NPA & blood culture Yielded bacteria in only 322 (13.7%) and 49(2.1%) children respectively in NPA, Strep. pneumoniae predominated, followed by H. influenzae (9.6%) and Staph. aureus (6.8%). In blood S. aureus (30.6) dominated followed by S. pneumoniae (20.4%) and Klebsiella, pneumoniae (12.2%) M. pneumoniae and C. pneumoniae serology were positive in 4.3% and 1.1% respectively

6

Anusmita das et al 2013-14 [9]

Blood culture

Blood culture was positive in 3% cases while oropharyngeal positive in 16.8%

S. pneumoniae was major isolate

7

Yudhavir et al (2016)[6]

Blood culture

On blood culture S. aureus (10%) predominated followed by S. pneumoniae (3.1%)

On NPA Strep. pneumoniae was predominated 18.5%

8

Our study (2016-20017)

Blood culture, oropharyngeal culture

On blood culture, staph. aureus was the most common organism isolated and on oropharyngeal culture, strep. pneumoniae was most common bacteria.


8 Our study (2016-20017) Blood culture, oropharyngeal culture    On blood culture, staph. aureus was the most common organism isolated and on oropharyngeal culture, strep. pneumoniae was most common bacteria.

Out of 50 patients 40 (80%) were recovered and discharged successfully and 4 (8%) were expired, remaining 6(12%) patients in our study either absconded or left against medical advice. Out of 4 mortality 3 were from severe pneumonia group which can be concluded that mortality is more common in severe pneumonia age group.

Our finding is similar to the study conducted by Anusmita das et al (2016) who also reported similar mortality rate (i.e. 8.8%)[9].

Conclusion

Thus following conclusions were made from our study-CAP is associated with lower socioeconomic status, emphasizing the role of overcrowding, under nutrition, literacy in causing pneumonia. Also malnutrition is the commonest finding associated with pneumonia. This sensitivity and resistance pattern can be used to formulate the antibiotic policy in children with community acquired pneumonia. Vaccination coverage needs to be improved especially against Streptococcus pneumoniae and other agents like Hemophilus influenzae so as to reduce the burden of morbidity and mortality in children with pneumonia. Blood culture and throat swab cultures were negative in many cases and clinical diagnosis and treat is still very useful in our locality. The community should be aware of the signs & symptoms of CAP and its danger signs so that delay in treatment can be avoided.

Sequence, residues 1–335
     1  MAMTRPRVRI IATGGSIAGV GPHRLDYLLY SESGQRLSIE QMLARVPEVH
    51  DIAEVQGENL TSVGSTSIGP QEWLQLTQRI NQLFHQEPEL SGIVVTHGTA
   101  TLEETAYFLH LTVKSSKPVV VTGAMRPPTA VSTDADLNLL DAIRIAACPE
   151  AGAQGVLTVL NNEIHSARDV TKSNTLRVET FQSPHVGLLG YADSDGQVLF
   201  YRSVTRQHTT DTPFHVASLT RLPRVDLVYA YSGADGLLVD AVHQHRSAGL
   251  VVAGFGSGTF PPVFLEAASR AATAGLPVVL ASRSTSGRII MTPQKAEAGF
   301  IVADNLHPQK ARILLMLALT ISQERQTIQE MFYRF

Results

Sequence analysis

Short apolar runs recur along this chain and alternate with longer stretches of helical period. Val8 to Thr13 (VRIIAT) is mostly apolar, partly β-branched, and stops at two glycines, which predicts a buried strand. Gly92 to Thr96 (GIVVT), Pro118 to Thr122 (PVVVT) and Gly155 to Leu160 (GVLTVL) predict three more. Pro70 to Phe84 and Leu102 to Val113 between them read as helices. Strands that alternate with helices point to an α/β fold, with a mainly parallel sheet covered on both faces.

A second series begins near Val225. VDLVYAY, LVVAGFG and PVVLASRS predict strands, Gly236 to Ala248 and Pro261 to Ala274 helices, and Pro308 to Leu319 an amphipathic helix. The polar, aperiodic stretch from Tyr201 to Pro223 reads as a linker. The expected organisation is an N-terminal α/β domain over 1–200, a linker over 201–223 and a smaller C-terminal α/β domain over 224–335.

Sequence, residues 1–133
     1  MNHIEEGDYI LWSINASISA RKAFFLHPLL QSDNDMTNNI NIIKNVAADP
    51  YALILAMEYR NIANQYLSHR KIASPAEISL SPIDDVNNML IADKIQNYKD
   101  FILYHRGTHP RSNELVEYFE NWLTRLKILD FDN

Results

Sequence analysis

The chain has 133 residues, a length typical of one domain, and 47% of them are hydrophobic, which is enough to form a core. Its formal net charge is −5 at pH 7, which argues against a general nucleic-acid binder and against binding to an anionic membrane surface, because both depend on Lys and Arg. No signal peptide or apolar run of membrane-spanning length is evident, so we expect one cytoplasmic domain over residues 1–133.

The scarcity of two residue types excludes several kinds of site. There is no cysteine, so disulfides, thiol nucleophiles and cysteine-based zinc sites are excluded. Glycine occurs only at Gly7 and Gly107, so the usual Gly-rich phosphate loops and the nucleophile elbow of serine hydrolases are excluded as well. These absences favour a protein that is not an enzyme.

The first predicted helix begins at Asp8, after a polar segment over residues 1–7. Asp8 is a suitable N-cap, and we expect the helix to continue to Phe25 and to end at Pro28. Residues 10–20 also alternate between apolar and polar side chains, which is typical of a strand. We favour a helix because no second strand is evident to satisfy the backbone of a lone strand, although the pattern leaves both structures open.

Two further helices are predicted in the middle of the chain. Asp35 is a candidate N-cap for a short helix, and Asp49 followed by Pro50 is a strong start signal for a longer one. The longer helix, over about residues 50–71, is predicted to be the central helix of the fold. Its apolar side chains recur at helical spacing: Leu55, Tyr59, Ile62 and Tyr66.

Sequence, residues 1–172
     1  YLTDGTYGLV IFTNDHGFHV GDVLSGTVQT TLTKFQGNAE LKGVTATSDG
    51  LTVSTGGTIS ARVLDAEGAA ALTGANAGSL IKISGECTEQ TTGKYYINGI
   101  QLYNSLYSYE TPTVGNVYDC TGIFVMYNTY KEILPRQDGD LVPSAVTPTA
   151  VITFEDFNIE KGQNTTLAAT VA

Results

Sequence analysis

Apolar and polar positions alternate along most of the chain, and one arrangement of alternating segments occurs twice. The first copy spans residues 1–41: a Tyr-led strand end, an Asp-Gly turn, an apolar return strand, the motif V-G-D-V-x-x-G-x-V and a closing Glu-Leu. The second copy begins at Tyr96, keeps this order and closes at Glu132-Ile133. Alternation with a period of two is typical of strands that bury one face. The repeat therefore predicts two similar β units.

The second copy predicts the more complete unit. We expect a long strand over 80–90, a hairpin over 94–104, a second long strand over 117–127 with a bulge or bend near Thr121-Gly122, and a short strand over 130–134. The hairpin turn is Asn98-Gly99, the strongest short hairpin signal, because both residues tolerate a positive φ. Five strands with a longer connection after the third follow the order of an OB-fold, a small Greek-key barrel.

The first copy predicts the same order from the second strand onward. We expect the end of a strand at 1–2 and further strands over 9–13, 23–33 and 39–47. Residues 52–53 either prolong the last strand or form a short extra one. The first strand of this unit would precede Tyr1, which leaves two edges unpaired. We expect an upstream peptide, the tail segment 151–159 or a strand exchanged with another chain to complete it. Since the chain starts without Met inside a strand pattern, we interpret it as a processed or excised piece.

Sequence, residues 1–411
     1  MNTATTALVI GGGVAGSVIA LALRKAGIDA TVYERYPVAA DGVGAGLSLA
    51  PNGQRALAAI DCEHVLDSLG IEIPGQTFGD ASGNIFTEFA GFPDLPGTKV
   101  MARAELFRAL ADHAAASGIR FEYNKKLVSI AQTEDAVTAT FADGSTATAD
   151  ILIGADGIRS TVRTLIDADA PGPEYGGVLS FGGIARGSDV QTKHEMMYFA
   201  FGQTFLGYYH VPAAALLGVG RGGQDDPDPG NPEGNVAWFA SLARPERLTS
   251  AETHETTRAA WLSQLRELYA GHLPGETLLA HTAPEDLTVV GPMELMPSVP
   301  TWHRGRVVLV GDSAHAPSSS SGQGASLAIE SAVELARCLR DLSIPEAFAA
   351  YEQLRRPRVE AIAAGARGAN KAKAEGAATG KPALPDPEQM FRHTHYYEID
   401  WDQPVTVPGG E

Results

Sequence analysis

What this study add to existing Knowledge: Blood culture and throat swab culture can help in diagnosis and management of resistant cases, but most ofresults comes negative so clinical diagnosis and treatment is still useful in community acquired pneumonia.

Contribution by Authors: Author 1 worked as guide, author 2 as PG student and authors 3 and 4 as co guides. All authors worked as Substantial contributions to the conception/design of the work, the acquisition, analysis, interpretation of data for the work, drafting the work, revising it critically for important intellectual content,final approval of the version to be published, agreement to be accountable for all aspects of the work in ensuring that questions related to the accuracy or integrity of any part of the work are appropriately investigated and resolved.

Funding: Nil, Conflict of interest: None initiated,
Perission from IRB: Yes

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How to cite this article?

Chaudhary G.S, Kumar S, Kankane A, Gupta S. Microbiological profile in community acquired pneumonia in children. Int J Pediatr Res. 2018;5(5):263-267.doi:10.17511/ijpr.2018.5.04.